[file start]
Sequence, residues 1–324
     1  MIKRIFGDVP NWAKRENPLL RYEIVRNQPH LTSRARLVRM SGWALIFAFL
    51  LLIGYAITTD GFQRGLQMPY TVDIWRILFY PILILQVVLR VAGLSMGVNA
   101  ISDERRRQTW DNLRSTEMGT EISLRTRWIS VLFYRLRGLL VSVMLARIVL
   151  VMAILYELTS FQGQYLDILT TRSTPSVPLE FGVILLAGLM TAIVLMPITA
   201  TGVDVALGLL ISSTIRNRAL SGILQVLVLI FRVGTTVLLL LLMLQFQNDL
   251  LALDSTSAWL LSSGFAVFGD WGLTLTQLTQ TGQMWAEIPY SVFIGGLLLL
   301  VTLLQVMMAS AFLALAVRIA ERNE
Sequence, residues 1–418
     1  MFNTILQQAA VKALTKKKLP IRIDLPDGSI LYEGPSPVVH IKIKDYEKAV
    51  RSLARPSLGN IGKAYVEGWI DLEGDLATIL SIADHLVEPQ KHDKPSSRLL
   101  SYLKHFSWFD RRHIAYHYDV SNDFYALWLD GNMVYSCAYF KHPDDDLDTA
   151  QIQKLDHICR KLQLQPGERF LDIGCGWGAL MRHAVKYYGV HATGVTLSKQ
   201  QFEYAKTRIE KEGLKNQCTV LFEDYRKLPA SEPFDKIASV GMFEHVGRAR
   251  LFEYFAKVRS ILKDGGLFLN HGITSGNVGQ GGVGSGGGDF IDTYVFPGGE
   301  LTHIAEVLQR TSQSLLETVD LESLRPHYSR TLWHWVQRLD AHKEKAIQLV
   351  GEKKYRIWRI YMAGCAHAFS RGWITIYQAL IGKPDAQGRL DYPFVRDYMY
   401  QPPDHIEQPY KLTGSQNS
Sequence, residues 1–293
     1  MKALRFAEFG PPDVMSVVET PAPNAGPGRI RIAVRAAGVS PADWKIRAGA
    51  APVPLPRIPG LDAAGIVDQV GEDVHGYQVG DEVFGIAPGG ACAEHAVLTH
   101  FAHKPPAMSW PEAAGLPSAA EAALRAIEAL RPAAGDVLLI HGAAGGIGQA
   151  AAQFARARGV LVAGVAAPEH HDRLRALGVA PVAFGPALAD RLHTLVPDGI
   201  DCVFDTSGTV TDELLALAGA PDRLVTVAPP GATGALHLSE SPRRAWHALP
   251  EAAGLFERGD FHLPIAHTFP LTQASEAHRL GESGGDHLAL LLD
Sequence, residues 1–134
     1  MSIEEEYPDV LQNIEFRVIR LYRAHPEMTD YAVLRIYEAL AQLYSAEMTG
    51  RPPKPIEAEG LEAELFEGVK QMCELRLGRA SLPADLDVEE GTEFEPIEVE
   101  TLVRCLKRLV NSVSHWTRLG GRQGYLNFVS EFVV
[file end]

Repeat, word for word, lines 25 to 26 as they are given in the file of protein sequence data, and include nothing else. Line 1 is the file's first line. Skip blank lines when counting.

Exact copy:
   251  EAAGLFERGD FHLPIAHTFP LTQASEAHRL GESGGDHLAL LLD
Sequence, residues 1–134